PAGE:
October 23, 2009--Something in the water: Longterm effect of drugs unknown (Fort Morgan Times)

A study conducted last year by the Associated Press showed public drinking water laced with drugs -- many of which are improperly discarded -- impacts 46 million Americans. The study found traces of everything from cholesterol-lowering agents to hormones and tranquilizers. To be sure: These are trace amounts, and there is no need for alarm.

September 2, 2009--Effort in NM to keep medications out of Rio Grande (New York Times)

New Mexico's largest water utility announced a plan Tuesday aimed at educating the public and keeping pharmaceuticals out of one of the West's most important water ways, the Rio Grande.The announcement by the Albuquerque Bernalillo County Water Utility Authority follows a recent discovery in the Rio Grande of caffeine, which scientists often look for as a possible signal for the presence of

February 17, 2008--Study finds human medicines altering marine biology (LA Times)

Sewage-treatment plants in Southern California are failing to remove hormones and hormone-altering chemicals from water that gets flushed into coastal ocean waters, according to the results of a study released Saturday. The preliminary findings were part of the most ambitious study to date on the effect of emerging chemical contaminants in coastal oceans.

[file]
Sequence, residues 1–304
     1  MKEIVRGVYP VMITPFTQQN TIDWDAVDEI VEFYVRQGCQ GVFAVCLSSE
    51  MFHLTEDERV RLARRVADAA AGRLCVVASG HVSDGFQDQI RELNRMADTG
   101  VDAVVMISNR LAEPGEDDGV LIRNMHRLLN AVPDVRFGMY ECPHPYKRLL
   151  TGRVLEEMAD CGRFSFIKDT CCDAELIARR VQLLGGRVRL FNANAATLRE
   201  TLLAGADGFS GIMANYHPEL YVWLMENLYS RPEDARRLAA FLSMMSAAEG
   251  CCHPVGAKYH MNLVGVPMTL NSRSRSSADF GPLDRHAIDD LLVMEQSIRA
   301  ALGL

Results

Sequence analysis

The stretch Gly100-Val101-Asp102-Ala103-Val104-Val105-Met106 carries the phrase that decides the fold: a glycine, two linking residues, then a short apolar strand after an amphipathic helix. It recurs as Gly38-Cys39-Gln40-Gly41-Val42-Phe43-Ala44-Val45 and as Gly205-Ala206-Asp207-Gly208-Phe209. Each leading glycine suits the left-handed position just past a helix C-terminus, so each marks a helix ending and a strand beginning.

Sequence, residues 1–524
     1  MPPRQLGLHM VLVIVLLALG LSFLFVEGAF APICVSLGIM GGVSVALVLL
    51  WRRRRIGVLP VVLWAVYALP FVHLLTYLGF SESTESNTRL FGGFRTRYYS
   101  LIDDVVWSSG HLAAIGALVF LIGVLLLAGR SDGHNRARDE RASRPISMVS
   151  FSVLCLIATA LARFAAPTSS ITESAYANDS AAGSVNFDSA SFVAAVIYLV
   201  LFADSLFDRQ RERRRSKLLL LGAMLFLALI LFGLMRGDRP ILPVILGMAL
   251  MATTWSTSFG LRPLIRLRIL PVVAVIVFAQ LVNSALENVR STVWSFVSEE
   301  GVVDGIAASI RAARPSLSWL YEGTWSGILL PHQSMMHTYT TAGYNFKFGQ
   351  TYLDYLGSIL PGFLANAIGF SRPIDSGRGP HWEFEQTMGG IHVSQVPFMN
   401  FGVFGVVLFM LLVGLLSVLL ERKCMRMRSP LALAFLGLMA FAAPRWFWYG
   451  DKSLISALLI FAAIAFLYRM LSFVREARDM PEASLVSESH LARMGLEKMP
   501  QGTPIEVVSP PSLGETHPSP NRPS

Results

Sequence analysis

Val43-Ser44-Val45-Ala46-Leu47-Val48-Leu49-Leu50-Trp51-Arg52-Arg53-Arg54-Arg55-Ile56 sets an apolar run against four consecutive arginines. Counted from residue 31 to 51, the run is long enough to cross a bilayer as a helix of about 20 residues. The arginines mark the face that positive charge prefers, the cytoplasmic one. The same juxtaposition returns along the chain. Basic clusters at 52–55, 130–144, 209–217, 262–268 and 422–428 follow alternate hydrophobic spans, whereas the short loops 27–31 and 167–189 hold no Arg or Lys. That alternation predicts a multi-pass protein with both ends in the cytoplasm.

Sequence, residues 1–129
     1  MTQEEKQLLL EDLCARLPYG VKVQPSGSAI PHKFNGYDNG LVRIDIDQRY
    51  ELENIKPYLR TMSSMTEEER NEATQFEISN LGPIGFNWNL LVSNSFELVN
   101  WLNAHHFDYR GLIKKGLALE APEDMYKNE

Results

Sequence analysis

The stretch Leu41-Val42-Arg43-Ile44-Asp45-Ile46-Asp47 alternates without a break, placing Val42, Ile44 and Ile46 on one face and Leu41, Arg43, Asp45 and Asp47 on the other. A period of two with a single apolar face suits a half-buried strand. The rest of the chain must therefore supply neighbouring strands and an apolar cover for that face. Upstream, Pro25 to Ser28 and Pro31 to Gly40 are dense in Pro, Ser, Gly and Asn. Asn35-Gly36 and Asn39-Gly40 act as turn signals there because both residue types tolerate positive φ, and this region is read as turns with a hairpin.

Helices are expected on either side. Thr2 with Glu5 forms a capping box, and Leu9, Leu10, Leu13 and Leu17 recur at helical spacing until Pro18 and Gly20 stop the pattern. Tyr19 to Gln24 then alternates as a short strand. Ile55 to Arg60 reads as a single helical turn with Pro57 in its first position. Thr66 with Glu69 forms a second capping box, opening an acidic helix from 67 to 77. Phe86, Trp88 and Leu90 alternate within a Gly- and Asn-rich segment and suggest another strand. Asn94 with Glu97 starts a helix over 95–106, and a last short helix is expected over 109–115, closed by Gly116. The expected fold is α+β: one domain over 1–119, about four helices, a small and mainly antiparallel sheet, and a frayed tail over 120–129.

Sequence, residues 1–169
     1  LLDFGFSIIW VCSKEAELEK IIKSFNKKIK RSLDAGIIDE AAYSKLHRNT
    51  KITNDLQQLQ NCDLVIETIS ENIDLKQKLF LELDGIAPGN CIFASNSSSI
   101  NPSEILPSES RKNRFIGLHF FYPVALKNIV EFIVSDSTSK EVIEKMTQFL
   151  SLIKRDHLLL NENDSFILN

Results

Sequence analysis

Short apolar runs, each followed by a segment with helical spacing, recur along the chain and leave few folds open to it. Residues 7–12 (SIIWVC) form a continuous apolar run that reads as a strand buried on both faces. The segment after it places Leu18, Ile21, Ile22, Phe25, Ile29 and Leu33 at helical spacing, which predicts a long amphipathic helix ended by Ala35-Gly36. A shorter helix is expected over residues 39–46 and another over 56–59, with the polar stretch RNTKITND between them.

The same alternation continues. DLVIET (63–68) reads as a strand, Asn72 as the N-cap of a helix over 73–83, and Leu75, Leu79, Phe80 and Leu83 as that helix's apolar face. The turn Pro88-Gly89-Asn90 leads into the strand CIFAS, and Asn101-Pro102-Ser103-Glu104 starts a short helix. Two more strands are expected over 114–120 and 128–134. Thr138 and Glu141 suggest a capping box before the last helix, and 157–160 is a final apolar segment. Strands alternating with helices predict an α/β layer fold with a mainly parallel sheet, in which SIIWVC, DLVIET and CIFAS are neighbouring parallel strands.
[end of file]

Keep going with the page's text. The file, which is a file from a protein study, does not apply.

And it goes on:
January 21, 2008--Study looks at river pollution (Denver Post)

Arizona scientists are researching chemicals in the state water supply that could lead to cancer, infertility, birth defects or other health problems. The chemicals are known as endocrine disruptors.

September 17, 2007--Take back these drugs-please (High Country News)

Americans love their medications. Pharmacists fill more than 3 billion prescriptions a year in the United States, and consumers also buy huge quantities of over-the-counter drugs. Many of those pharmaceuticals enter wastewater when people urinate.

June 28, 2007--Chemical traces taint rivers in Colorado (Denver Post)

Tiny amounts of antidepressants, hormones and detergent residues are making their way into river water in and around Colorado. Studies in Boulder and other U.S. cities have found fish with both make and female sex parts and populations of fish with many times more females than males. Some cities are piloting pharmaceutical-buyback programs to keep people from dumping old drugs down the toilet.

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